The prime-age labor force participation rate, the proportion of people aged 25 to 54 working or looking for work, jumped to its highest level since 2002. Estimates of economic growth for the first half of the year were revised upwards.

Major banks such as JPMorgan Chase and Goldman Sachs predict that a recession this year is now unlikely. The depressed housing market is showing signs of life. Recent data shows that manufacturing construction is booming. Consumer spending has fallen from its heights in 2021, but many retail analysts say it may simply be in line with pre-pandemic trends.

The key question, said Claudia Sahm, a former Fed economist, is whether a slowdown proves to be “a sign of ‘they’re just getting back into balance,’ and then we just keep going.”

A growing cohort of investors believe continued growth could plant the seeds of its own destruction as the Fed reacts by keeping borrowing costs higher for much longer than businesses anticipated. That could make some debt burdens unsustainable for businesses, especially those that rely on loans or lines of credit from banks or that may need to seek new financing from investors.

Corporate debt defaults rose last month, to a level more than double the same period last year, according to Moody’s Investors Service. Some economists see that trend – usually worrisome – as a sign of normalization since bankruptcies were comparatively, unusually rare, after the government’s bailout rush.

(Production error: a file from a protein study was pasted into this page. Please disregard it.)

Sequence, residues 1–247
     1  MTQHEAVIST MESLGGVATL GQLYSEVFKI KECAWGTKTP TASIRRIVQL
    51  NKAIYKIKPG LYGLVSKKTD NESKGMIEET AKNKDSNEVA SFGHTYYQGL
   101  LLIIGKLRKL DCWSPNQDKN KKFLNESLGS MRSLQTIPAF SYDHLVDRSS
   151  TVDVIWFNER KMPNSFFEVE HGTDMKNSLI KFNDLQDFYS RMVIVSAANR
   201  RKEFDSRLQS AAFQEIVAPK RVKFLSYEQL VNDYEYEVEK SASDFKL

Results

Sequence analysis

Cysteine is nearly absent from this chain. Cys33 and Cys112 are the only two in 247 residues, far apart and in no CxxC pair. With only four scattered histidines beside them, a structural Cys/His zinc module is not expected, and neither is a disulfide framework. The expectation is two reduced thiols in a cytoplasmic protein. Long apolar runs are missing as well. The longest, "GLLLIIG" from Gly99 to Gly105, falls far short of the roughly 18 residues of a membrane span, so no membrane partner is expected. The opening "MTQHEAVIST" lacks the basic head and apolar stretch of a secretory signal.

“A rise in defaults after a rate hike just isn’t that surprising,” said Justin Wolfers, a professor of economics and public policy at the University of Michigan.

Walt Rowen, the third-generation owner of Susquehanna Glass, a 113-year-old glassmaking business in Columbia, Pennsylvania, is a microcosm of the volatility the US economy has experienced since the start of the pandemic.

In 2019, his business was booming, with about $5 million in revenue, Mr. Rowen said. When the pandemic hit, and Susquehanna Glass didn’t qualify as an essential business, “we had to lay everyone off,” Mr. Rowen said. “We could never have people working remotely.”

He was able to get through the past three years only because of two forgiven loans under the Paycheck Protection Program and a third, longer-term loan from the Small Business Administration. Now, as the pandemic fades and supply chains recover, business has stabilized — but faces new challenges.

“I was paying entry-level factory workers about $10 an hour in 2019, and now I can’t get anyone to come in for an interview unless I offer at least $13 — so my labor dollars are up 30 percent, and that’s not going to come back down,” said Mr. Rowen. “But the prices of glass started to come down.”

Securing stable financing for the business is a looming problem, he said, “because the interest rates that the Fed has set have raised borrowings from basic lines of credit for companies like mine by 5.6 percent over what they were before.”

His interest payments to his bank have doubled, making him more dependent than ever on strong holiday season sales this year to pay off enough debt. Despite everything, Mr. Rowen’s outlook is only partly cloudy.

“We’ve seen all the highs and lows: My grandparents saw World War I, World War II and the Great Depression, and so I got Covid,” he said. “We are making adjustments. I think the worst is over. I think where we can survive at this point.”

But he acknowledged that others may not be so lucky.